In 1854 George Hamilton Brodhead purchased the newly-built home at 41 Ninth Street (renumbered 53 West 9th Street in 1868). One of a row of five, its Anglo-Italianate design was the latest in domestic fashion. Just two bays wide, the house sat back on its plot (the same distance that would have been consumed by a stoop, were there one). The Italianate areaway railing was copied in a rounded balcony at the second floor. The double-doored entrance under a bracketed cornice sat within a rusticated base, while the upper floors were clad in dressed brownstone.
Brodhead purchased the house as an investment, initially leasing it house to Roderick Sedgwick and his family. Born in Cornwall, Connecticut in 1785, Sedgwick was the son of General John Sedgwick and Abigail Andrews. His wife, the former Margaret Stuart Dean, had died on March 13, 1850. The couple had eight adult children.
Roderick Sedgwick was a broker at 60 Wall Street. Two sons and at least two daughters lived with their father in 1855. John was an attorney, and Roderick Jr. was in the drygoods business on Broadway. The daughters ran a private school in the house, listed as The Misses Sedgewick's School. (Another daughter, Katharine Whetton Sedgwyck, was married to the well-known artist William Heine.)
The Sedgwick family remained in the house until the spring of 1859. In April that year, Brodhead advertised "The elegant first class four story" house for rent. He would have a series of tenants over the succeeding years. William McCauley, a "money broker," leased the house in 1860 and '61, followed by Edward Vonderheydt, a partner in J. W. Schmidt & Co., and then by merchant William Woodward, Jr.
Levi Chapman, who was in the strops (the leather strap for sharpening razors) business at 72 Duane Street, rented the house in 1873. Only months (or weeks) after he moved in, on July 1 the parlor was the scene of his funeral. He had died "suddenly," according to the New York Herald, at the age of 66 on June 27. The term often suggested a heart attack.
The family of John C. Mabin leased the house in the mid-1870's. They were nearly the victims of a burglar on March 4, 1876. While the family slept, Police Officer Garney was making his rounds and heard the breaking of glass. He discovered Thomas Wilson in basement area, where he had broken out a pane of glass in the door. The New York Herald reported that Wilson "stated that he had neither home nor occupation," and was held in $2,000 bail. (It was a significant amount, equal to $52,000 today, which Judge Kilbreath knew the homeless man could not obtain.)
Following his retirement from the brokerage business and after having leased the house for decades, George Hamilton Brodhead moved into 53 West 9th Street in the 1880's. Born in 1815, Brodhead was the son of Rev. John Brodhead and Mary Dodge. His wife, the former Julia Ann Phelps, had died in 1857 and of their four children, only two were still alive--Mary Frances Gardner, and Dewitt Williams Brodhead. Dewitt and his wife, Ariadne Liebenau, moved into the West 9th Street house with George.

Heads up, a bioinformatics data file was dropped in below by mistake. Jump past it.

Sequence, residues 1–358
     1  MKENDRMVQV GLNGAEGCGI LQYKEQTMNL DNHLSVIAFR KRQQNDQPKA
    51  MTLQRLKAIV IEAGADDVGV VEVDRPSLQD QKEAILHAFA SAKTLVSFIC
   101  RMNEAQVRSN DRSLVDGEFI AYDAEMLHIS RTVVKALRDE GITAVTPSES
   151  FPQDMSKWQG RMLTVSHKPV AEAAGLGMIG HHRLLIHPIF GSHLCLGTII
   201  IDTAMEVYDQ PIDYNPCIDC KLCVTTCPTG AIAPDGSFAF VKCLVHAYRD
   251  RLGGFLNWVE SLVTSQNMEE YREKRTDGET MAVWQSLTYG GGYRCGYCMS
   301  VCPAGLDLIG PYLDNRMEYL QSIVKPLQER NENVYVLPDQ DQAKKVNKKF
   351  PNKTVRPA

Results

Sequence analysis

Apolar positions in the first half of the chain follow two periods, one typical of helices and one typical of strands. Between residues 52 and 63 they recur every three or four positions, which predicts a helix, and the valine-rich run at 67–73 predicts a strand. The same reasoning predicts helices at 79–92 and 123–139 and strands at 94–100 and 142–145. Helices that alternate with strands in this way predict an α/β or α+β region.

George Brodhead had been an important presence on Wall Street. In 1855 he became secretary of the New York Stock Exchange, a position he held until 1870. In 1874 he was elected president of the Exchange. Dewitt Brodhead was a director in the Sixth Avenue Railroad Co.
On February 25, 1903 The Daily Saratogian ran the indiscreet headline, "Veteran Broker Dying," and reported, "George H. Brodhead, who was a well known figure in Wall Street fifty years ago, is dying at his home, No. 53 West Ninth street." Because of Brodhead's long-standing influence in the brokerage business, his condition was followed by newspapers nationwide. The 88-year-old died on March 2. The Colorado Springs newspaper The Weekly Gazette reported, "He had been ill three weeks and his death was due to heart disease." His funeral was held in Newfields, New Hampshire where he was born.
Dewitt Williams Brodhead died in 1908, and the following year, on May 9, the New-York Tribune reported that the George H. Brodhead estate had sold the house to Arthur Brisbane, adding "This is the first transfer of this property in about fifty years."
Brisbane was a colorful and well-known figure. Born in 1864, he had entered the journalism field in 1882. He became a close friend of publisher William Randolph Hearst, and in 1897 became the editor of Hearst's Evening Journal. Brisbane's summer home was in Hempstead, Long Island.